Herb of the Day: Asafoetida


Asafoetida
( Ferula assa-foetida ) also called Devil’s Dung

Parts used: Oleo-gum-resin

Asafoetida is a perennial plant that grows to 6 ft. It has a fleshy taproot, hollow stem, compound leaves, and many white flowers in umbels. It is a native to Iran, Afghanistan, and Pakistan, It produces a gum obtained in the summer from 4 year old plants. The stems are cut off, and successive slices are made through the roots. The gum wells up and is collected after it hardened. In history and folklore, in the 4th century BC, Charaka Samhita, a Hindo medical treatise,proclaimed that the herb was a best remedy for clearing gas, and bloating. The name devil’s dung not with standing,the plant is thought to have been the most popular spice in ancient Rome. Asafoetida is as persistent in aroma as garlic, and is still used as a flavoring, in Worcestershire sauce.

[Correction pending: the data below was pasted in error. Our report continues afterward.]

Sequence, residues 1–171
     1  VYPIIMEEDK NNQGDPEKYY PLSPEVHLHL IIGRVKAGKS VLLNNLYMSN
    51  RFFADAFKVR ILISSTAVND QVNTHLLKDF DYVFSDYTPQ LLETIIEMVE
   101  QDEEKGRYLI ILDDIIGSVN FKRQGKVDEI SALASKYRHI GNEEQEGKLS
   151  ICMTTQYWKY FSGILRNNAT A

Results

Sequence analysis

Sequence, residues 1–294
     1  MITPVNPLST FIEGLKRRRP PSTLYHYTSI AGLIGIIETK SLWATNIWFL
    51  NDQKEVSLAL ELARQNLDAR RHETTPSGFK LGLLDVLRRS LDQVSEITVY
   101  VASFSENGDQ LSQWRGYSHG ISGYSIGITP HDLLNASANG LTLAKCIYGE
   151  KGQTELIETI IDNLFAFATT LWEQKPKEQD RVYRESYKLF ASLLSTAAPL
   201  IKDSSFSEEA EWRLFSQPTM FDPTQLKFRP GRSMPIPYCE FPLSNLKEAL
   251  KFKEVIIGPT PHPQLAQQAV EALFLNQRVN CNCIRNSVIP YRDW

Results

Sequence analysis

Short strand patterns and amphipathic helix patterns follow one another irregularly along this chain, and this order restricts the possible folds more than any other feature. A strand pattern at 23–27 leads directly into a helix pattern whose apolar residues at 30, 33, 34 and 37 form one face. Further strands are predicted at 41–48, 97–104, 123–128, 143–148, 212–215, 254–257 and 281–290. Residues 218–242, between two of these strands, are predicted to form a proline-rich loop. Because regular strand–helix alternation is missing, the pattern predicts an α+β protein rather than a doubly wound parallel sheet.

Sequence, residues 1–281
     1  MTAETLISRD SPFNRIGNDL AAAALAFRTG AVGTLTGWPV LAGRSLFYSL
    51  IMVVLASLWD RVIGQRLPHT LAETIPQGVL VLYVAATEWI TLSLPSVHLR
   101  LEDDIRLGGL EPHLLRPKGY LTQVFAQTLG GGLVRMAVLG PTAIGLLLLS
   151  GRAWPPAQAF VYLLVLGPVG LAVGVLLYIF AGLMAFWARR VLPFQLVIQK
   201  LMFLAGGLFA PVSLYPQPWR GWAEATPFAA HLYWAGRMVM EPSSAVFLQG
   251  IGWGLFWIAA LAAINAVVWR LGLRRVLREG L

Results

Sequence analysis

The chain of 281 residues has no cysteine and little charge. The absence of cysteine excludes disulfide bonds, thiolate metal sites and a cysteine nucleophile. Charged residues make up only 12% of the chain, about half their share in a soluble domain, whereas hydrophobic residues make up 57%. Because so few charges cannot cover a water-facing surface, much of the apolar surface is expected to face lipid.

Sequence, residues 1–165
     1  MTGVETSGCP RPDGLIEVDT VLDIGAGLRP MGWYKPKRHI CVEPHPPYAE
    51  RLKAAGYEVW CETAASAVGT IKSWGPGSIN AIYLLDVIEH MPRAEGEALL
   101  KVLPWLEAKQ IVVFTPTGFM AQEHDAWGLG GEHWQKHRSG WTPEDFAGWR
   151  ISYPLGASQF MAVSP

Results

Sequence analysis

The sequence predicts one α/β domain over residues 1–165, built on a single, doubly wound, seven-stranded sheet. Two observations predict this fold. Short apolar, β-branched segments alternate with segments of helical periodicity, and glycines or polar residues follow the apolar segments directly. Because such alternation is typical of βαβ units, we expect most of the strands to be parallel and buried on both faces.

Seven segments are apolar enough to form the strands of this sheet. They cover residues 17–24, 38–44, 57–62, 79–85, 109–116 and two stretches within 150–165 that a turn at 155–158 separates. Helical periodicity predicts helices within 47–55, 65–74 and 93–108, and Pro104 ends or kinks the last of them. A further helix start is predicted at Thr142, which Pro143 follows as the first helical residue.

Asafoetida exudate contains 17% volatile oil, as well as resin and gum. The volatile oil contains disulphides about 58 %, which has an expectorant action. Asafoetida resin contains sesquiterpenoid coumarins, including foetidin.
In Middle Easteren and Indian herbal medicine it is used for simple digestive problems such as gas, bloating, indigestion, and comstipation. The volatile oil, like garlic, has components that leave the body via the respiratory system and aid the coughing up of congested mucus. Asafoetida in tablet form for bronchitis, bronchial asthma, whooping cough, and other chest problems. It also lowers blood pressure and thin blood. The herb has a reputation for helping in neurotic states.
While it is safe in adults, Asafoetida may be harmful to young babies.

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